Unheard Rajasthani Music

picses

Rajasthan offers a melange of cultures, music and people. The album ‘Unheard Rajasthan’ is an effort to bring to the fore the sub-nation’s forgotten corners. The only common element that combines these corners is a heart that beats only to the rhythms of regional authentic songs.

Various cultural groups of Rajasthan in their own but multi-talented way create an atmosphere that smells of the sand of the desert.  The cultural groups such as Nayak, Meghwal, Manganiar, Langa, Meerasi, Brahmin, Khati, Jat, Harijan etc., are some of the communities whose distinctive music styles are rarely heard or exposed to the outside world. ‘Unheard Rajasthan’ is an attempt to capture the beauty of these cultures dipped in rural sensibility and bring the rare music genres such as Jangad, Chang Nritya, Pad, Bhajans etc. back into the cultural positioning of the country.

Traditionally, patronage has guided the music of this region that incorporates the sounds of folk instruments like Deru, Sarangi, Kamaycha, Tandoora, Chang, Bansuri, Chimta, Rawanhatta, Harmonium, Dholak, Khartal, Ghungroo and Manjeera amongst others.

This album is an effort to enrapture its listeners with melodies, rhythms capturing various human moods like devotional, festive, occupational and philosophical.

(Liner Notes)

Unheard Rajasthan

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Unheard Rajasthan back

Track Listing:

01 Dhomaldi

02Moomal

03 Nabh Kamal Vich

04 Bilyu Dhaam

05 Rasto De Shyam

06 Bagan Ka Bhawara

07 Helo Mharo Sambhlo

08 Jeera

URaj

Qawwali Collection: Shan-e-Rasool

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An interesting collection of concise qawwali performances from an even more interesting group of singers.

Shan-e-Rasool-o-Aal-e-Rasool (roughly translated by me as The Glory and Grandeur of the Prophet) includes performances by some famous qawwals including Abdur Rab Chaush and Yusuf Azad Qawwal, a couple film playback singers [Mahendra Kapoor and Shamshad Begum] as well as a few (to me) new names such as the delightfully named Pyare Timmu Qawwal (Jaipuri) and Master Habib Nizami.

With the inclusion of filmi qawwali this record presents a sort of qawwali – lite which most connoisseurs would not rate very highly. The messages are simplistic and the language is of the sort someone unfamiliar with High Urdu or Persian can easily understand. Case in point: title of track 9 [Allah Bahut Bada Hai]!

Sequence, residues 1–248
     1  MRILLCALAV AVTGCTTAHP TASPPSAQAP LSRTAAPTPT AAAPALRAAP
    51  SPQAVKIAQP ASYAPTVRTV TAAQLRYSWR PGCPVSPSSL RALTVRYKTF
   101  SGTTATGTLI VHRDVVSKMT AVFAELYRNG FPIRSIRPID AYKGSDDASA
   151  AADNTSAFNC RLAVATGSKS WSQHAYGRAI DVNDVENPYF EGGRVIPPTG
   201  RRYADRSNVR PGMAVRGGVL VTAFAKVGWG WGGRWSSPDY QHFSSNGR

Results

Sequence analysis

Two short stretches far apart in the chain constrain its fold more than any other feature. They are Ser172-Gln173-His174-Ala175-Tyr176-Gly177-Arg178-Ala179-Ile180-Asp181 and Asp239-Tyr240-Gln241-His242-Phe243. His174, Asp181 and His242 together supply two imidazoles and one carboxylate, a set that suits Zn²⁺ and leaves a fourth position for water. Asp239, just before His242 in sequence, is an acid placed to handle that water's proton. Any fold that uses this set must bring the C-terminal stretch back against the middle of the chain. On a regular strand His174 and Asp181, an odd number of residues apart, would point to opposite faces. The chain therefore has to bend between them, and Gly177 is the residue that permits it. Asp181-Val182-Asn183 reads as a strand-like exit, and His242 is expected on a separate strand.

The music, composed mostly by one Mami Bhachu, [any information on him would be much appreciated], is consistently lively and employs a range of traditional and more modern instruments including clarinet and guitar.

What I like about this sort of qawwali is that not only is it ‘simple’ and pretty straightforward but it has lots of stylistic similarities to some Christian gospel music. The lyrics tell stories of the heroes and villains of the Faith, as well as ordinary devout people grappling with the mystery of God’s ways. The philosophy and moral lessons are easy to discern.

And finally, what makes this recording special is the variety of voices. Ismail Azad Qawwal and Shafi Niazi and Yusuf Azad each bring a clear diction and suppleness to their singing that is perfect for story telling. And then of course, there is the grand Shamshad Begum, a very non-traditional qawwal, indeed.

Enjoy with blessings.

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Track Listing:

01 Sine Mein Rahne Do Hoton peh na Lao

02 Zindagi ka Sahara Madine Mein Hai

03 Qaflia Haj ko Chala

04 Ya Mohammad Kisi Haal Mein Bhi

05 Khuda Ne Tumko Rasoolon Mein Aftab Kiya

06 Dar-e-Huzoor pe Hazir Ghulam Ho Jata

07 Hasnain ki Takhti ka Vaqya

08 Mohabbat Husain Ki

09 Allah Bahut Bada Hai

10 Mohammad ke Dularon Par

SHAN O AAL

Lucknow’s Great Son: Naushad Ali

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Naushad Ali

Naushad Ali of Lucknow was arguably the first giant of Hindi film music. Not as a singer, but as an inventive composer and arranger.

His sound is instantly recognizable for its deep connection to the folk music of north India and especially the Gangetic plain. Flutes, matkas (clay pots) and other folk instruments embellish his compositions like  glimmering light off a paddy field.

Responsible for the music of so many classics he is one of those of whom it can be honestly said, ‘his music was the soundtrack to an entire generation’. Indians who came of age in the first 2 decades after Independence will probably save the sweetest corner of their hearts for his music.